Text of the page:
Wednesday, December 15, 2021

Classics Club Planning

To reach my goal of reading 50 titles from my Classics Club list by October 1, 2023 I need to read 21 more books from my remaining unread list. As it happens, including the current month, there are 21 months left until the deadline. (This is 638 days from January 1, 2022) I thought this was a good time to give some thought to which of the titles remaining on my list I really want to read. 

Inspired by chapter-a-day read-alongs at One Catholic Life I finished Great Expectations this past year and am on track to finish The Three Musketeers by December 31. I have really enjoyed this way of reading long books as it has built a habit of a calm moment of reading into each day and having a plan keeps me from getting overwhelmed by all the remaining pages. This approach only works with books that have lots of fairly short chapters, but 19th century novels (probably because they were published serially) are typically structured that way. I plan to continue this habit with the following books (not necessarily in this order) in 2022:

  1. The Moonstone, Wilkie Collins, 1868 (53 days)
  2. Complete Grimm's Fairy Tales, the Brothers Grimm (55 days)
  3. Nicholas Nickleby, Charles Dickens, 1839 (66 days)
  4. The Decameron, Giovanni Boccaccio, 1353 (103 days)
  5. Madame Bovary, Gustave Flaubert, 1856 (I don't have this book yet so I don't know how many days it will take, but if it is fewer than 88 chapters it will fit into the year)

    If I am still liking this approach and want to continue it into 2023 these titles would also be suitable for chapter-a-day reading:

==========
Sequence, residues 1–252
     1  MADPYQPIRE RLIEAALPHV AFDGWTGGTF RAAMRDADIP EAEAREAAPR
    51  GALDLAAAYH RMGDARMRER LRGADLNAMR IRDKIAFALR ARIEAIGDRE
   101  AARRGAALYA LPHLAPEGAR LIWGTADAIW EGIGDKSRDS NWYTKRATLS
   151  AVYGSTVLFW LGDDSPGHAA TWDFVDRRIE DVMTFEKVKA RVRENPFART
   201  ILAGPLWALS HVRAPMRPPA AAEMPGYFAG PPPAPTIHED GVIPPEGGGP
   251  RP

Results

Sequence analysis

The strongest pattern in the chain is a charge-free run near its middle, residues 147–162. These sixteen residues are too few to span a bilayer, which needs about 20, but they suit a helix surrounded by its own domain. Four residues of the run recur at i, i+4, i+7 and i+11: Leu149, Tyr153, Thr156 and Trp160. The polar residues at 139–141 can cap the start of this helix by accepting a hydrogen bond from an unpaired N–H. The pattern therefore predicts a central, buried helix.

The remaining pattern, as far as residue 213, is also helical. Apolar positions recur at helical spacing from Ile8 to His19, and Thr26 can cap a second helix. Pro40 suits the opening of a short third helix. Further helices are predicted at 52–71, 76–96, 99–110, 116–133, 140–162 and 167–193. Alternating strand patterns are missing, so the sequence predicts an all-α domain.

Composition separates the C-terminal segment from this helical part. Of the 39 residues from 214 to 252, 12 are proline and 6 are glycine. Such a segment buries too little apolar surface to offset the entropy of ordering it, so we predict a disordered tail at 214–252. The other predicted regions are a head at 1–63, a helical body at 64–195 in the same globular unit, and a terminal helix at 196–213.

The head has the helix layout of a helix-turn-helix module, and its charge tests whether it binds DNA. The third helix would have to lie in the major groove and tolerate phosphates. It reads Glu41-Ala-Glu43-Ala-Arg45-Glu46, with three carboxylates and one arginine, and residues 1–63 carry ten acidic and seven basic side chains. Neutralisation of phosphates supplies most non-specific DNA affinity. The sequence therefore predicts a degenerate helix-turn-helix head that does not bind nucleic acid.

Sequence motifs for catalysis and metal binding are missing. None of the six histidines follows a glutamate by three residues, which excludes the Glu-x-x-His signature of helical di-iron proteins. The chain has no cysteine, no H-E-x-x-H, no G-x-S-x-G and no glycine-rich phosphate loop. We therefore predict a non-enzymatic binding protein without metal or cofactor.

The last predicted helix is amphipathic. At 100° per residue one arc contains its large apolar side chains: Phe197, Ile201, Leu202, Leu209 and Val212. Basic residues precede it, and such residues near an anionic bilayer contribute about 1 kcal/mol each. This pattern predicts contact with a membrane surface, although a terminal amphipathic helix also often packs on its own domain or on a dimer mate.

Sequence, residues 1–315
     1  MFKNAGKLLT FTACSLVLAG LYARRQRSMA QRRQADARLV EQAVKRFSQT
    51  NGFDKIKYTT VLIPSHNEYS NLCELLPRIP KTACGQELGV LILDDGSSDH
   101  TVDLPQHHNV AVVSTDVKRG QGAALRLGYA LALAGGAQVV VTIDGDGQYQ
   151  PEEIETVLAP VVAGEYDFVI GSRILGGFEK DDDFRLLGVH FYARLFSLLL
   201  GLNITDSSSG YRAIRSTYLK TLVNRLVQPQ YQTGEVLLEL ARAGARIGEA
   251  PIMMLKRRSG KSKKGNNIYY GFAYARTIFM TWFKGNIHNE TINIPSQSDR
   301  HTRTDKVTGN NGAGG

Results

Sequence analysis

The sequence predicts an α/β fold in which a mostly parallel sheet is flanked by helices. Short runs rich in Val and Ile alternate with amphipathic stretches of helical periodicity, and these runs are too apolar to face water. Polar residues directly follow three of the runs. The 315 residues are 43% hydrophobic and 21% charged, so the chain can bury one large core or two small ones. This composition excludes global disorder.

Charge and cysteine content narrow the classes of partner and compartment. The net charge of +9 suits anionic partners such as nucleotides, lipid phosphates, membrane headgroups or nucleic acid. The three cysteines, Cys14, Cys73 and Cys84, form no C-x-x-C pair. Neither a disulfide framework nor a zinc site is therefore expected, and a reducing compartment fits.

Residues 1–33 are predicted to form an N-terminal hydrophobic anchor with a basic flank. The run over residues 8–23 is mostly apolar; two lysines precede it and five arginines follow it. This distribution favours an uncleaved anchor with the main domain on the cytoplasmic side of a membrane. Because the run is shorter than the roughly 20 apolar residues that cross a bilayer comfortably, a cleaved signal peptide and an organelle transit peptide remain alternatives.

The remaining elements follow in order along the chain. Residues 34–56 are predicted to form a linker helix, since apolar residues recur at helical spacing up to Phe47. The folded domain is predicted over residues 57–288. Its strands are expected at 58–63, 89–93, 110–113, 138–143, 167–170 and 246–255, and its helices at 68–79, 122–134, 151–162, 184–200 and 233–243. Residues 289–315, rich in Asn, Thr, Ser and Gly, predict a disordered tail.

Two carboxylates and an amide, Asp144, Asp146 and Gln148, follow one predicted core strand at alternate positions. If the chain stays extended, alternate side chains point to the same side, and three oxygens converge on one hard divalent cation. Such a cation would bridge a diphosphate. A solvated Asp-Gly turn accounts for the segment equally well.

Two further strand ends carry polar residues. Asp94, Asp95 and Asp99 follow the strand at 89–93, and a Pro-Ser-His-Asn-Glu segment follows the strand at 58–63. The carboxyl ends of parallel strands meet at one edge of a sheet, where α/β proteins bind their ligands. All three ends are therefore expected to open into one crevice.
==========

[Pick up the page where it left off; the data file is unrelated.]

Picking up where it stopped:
6. Martin Chuzzlewit, Charles Dickens, 1844 (55 days)
  7. The Bonfire of the Vanities, Tom Wolfe, 1987 (33 days)
  8. New Grub Street, George Gissing, 1891 (38 days)

    Also on my list are these books that might be suited to this approach but which I don't have copies of so I am not sure. If these, plus Madame Bovary, have fewer than 235 chapters  (average of 58 per book) they will fit into the available time:

  9. Treasure Island, Robert Louis Stevenson, 1882 
  10. A House for Mr Biswas, V. S. Naipaul, 1961
  11. Lonesome Dove, Larry McMurtry, 1985

If I finish all the chapter-a-day possibilities that leaves 10 more titles to read to complete my list. I always have multiple books going at once so these would be read at the same time as the chapter-a-day ones. I have copies of these titles on my shelves so it would be good if I read them:

  1. Doctor Zhivago, Boris Pasternak, 1957
  2. The Member of the Wedding, Carson McCullers, 1946
  3. Where Angels Fear to Tread, E. M. Forster, 1905
  4. The Grand Sophy, Georgette Heyer, 1950

  5. Walden, Henry David Thoreau, 1854
  6. Out of Africa, Isak Dinesen, 1937
  7. Islam: A Short History, Karen Armstrong, 2000
  8. The Story of Philosophy, Will Durant, 1926

  9. Swann's Way, Marcel Proust, 1913 (I have this on audio)

For the final book these two are the most appealing to me of what remains on my list:
  1. The War of the Worlds, H. G. Wells, 1898
  2. The Waves, Virginia Woolf, 1931
Reading these 10 books in 21 months shouldn't be too tough and most of them are fairly short (not including Proust of course). Now I have a plan and only time will tell if I can manage to follow it. 


  1. I like the Chapter-a-Day way of reading, too, but I was not taken with the choices for 2022. Instead, I made my own list of books for the year that lend themselves to being read a chapter a day.


Thanks for sharing your thoughts!

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